Dedicated coaches (or Sports Ministers, as SF officially calls them) from around Ethiopia are invited to camp by Sports Friends regional staff, and then those coaches face the task of selecting 5-10 kids to bring with them for the week. I can only imagine the prayer and consideration involved in this process, because the time spent at camp will certainly be life-changing and, clearly, not everyone will have the opportunity to experience it.


All of the kids and coaches were sorted onto teams shortly after they arrived at Camp. They were not necessarily with their teammates or coaches from home.

While I obviously enjoyed hanging out with the kids, one of my favorite parts about camp this summer was getting to know the coaches. These people are legit about serving the youth in their communities. Their selflessness was so evident, and I sincerely believe that a passionate, bold generation of Ethiopians is being raised up by the people I met.

Some of the stories the coaches (and the staff, for that matter) told about their pasts are truly unbelievable. It’s always convicting for me to hear stories from believers around the world who stand firm for God in places where they could face punishment, disownment, or even death for it. In church on Sundays I’m mostly worried about whether or not the coffee will still be hot by the time I get there or if there will be enough seats in a row for my friends and me to all sit together. Real important stuff, ya know?

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On the left is Dinku, the coach I spent the week with on team Germany. On the right, TJ and Yibe play a game. Yibe is on summer staff at Camp and was on team England with TJ.

On the last night of each week of camp, the Sports Friends staff and the firenjis (white people, for those of you who don’t speak Amharic ;)) have a foot-washing ceremony prepared to honor the coaches. The basis and symbolism of this comes from John 13 when Jesus washed his disciples’ feet.

John 13: 14-17: Now that I, your Lord and Teacher, have washed your feet, you also should wash one another’s feet. I have set you an example that you should do as I have done for you. Very truly I tell you, no servant is greater than his master, nor is a messenger greater than the one who sent him. Now that you know these things, you will be blessed if you do them.

The idea of Jesus, the King and Savior, washing the feet of his disciples, ordinary people like you and me, defies everything our world says about leadership and power. In our culture the lowly serve the elevated, not the other way around. But in the culture of God’s kingdom, everything is upside down. I sincerely love the picture and example of Jesus as a servant-leader.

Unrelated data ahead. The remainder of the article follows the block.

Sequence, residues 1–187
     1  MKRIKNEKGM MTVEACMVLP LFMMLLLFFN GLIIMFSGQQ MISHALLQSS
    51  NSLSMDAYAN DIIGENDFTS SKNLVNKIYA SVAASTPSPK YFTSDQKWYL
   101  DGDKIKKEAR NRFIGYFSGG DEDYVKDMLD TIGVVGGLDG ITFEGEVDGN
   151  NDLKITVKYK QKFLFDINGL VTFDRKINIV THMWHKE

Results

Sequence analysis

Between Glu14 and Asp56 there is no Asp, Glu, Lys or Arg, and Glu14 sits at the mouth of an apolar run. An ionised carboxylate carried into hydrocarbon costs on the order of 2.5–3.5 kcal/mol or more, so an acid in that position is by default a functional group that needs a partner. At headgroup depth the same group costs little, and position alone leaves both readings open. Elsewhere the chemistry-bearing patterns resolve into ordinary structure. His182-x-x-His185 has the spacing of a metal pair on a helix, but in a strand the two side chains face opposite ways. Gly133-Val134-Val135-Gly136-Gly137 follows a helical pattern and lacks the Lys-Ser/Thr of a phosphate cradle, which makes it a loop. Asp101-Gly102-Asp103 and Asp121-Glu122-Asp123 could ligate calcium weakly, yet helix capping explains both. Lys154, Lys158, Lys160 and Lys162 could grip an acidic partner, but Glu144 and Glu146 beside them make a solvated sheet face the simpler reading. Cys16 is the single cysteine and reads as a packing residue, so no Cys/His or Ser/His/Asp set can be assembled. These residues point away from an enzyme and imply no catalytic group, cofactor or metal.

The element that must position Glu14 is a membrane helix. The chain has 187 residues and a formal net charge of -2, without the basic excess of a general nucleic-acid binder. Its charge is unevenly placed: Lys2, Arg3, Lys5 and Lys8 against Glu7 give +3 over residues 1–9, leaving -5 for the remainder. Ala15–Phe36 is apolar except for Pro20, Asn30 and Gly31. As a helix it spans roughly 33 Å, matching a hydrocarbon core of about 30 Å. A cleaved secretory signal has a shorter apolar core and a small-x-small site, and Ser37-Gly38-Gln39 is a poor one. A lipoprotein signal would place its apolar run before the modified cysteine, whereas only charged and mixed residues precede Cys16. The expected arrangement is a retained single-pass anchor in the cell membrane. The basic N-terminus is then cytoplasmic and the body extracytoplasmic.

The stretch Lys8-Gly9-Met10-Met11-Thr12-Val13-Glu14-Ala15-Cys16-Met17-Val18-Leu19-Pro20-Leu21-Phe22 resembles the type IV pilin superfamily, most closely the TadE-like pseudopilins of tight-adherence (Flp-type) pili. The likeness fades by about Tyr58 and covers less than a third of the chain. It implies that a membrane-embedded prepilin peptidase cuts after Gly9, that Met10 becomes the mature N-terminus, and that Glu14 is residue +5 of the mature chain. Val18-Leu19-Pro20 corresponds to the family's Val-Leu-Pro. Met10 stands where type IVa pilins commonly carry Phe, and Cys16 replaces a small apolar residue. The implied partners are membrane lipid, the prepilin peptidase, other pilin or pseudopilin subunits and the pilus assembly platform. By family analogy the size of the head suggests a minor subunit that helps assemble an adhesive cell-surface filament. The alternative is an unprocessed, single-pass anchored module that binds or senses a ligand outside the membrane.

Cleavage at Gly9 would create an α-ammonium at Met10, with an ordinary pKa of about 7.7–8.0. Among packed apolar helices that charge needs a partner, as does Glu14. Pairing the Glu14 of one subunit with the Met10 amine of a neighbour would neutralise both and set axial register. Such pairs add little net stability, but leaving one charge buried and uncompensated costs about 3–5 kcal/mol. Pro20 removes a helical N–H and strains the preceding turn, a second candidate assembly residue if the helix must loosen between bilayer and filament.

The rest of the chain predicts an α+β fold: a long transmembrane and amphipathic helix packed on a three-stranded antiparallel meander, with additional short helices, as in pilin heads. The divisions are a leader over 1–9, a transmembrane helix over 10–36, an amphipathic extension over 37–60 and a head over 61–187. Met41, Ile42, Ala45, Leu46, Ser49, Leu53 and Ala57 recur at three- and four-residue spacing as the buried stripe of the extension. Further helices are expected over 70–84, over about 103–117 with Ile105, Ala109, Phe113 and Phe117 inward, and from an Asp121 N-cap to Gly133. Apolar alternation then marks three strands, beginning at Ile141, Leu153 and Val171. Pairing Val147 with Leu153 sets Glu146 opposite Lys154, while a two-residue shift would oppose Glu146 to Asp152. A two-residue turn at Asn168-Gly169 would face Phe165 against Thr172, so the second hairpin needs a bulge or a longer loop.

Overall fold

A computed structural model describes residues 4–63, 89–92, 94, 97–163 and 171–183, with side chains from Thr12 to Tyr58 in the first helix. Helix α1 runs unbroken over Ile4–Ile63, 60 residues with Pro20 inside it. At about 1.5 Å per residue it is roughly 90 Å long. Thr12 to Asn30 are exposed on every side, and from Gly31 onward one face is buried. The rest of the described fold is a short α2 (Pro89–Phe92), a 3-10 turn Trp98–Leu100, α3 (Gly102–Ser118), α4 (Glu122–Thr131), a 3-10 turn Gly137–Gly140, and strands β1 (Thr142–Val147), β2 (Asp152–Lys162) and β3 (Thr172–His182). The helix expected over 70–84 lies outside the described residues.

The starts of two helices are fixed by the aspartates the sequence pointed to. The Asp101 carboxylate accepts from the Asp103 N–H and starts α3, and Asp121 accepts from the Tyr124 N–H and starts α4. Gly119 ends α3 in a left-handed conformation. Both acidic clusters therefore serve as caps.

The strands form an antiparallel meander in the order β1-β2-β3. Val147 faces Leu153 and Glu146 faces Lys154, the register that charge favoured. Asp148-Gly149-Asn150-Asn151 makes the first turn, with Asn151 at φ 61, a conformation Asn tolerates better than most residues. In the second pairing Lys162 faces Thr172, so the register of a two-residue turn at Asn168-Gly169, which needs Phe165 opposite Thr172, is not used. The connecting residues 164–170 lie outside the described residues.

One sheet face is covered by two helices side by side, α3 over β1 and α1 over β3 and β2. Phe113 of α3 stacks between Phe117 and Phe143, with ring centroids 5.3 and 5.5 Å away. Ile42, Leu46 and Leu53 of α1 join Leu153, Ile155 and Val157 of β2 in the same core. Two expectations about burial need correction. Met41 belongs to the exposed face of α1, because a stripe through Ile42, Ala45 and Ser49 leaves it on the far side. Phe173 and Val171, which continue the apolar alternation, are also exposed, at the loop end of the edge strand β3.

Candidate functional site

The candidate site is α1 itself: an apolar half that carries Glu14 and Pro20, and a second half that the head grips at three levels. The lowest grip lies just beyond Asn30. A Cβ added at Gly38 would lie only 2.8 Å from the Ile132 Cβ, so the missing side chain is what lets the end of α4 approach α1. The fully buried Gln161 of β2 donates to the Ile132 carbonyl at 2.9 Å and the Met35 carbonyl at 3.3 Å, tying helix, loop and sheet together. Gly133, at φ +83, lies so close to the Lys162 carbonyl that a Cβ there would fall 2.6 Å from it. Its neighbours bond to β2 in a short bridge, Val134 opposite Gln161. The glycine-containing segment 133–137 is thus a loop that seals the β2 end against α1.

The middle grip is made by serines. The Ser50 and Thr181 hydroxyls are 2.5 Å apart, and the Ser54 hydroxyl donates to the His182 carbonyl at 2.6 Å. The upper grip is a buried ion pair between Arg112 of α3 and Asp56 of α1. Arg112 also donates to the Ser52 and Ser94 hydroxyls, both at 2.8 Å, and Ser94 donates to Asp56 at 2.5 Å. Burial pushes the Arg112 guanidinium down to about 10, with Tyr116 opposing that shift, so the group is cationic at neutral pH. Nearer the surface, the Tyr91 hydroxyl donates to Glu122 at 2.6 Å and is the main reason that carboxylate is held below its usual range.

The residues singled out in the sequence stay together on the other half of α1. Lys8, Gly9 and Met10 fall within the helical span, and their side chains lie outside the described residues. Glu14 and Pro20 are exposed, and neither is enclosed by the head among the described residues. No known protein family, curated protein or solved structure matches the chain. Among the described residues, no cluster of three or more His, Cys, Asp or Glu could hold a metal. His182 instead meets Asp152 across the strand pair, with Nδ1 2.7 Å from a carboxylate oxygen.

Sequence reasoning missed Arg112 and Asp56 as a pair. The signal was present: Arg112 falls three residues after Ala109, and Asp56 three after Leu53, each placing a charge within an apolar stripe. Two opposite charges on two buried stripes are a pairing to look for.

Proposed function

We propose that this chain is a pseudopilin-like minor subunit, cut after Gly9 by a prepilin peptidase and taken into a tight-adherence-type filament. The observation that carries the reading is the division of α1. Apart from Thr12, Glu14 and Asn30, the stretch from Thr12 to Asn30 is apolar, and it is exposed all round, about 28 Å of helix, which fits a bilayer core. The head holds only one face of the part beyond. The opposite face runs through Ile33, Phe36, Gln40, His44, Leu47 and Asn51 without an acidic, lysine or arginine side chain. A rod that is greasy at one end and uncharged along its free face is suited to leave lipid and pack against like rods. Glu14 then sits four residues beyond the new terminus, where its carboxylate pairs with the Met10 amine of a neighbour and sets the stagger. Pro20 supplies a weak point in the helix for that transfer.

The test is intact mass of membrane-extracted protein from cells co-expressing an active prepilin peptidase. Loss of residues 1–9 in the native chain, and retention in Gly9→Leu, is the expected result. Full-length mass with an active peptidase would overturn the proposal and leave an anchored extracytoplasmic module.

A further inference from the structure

On the night of the foot-washing ceremony, the coaches sat in front of all the kids and staff. The men in our group and one of the ladies were waiting with basins and towels. The rest of us stood off to the side to sing Amazing Grace while Marisa, our group’s musician, strummed her guitar.

I can’t remember ever being in a room filled with kids that quiet before. I watched them curiously, imagining what they must be thinking.

What are these crazy firenjis doing? Why is my coach sitting up there? What is going on?

The moment our group started the ceremony and we began singing, I was a wreck. I believe I successfully choked out the first few lines of the song, but by about “was blind, but now I see” it was over. I had my face in my hands and was sobbing right along with most of the coaches sitting in the front of the room.

Rarely in my life have I ever felt God’s presence so acutely. Rarely have the words to this timeless hymn ever seemed so real.

Because of His grace thousands of Ethiopian children have Godly, caring adults to look up to and depend on. Because of His grace these kids get to be just kids for a week at camp – safely playing and having fun in a way that many of us who grew up in America likely took for granted. Because of His grace they are exposed to a different way of living, a way filled with the hope and joy of God that this world so desperately needs. And because of His grace TJ and I got to play a tiny, tiny part in all of this.

Amazing grace, how sweet the sound.

His grace truly is amazing.

Because of the sensitive and emotional nature of the foot-washing ceremony, I didn’t take pictures to share. However, if you’d like a glimpse into it, there is video footage of one in the Camp Langano video I posted in July under “Off to Ethiopia!” It starts at 3:25.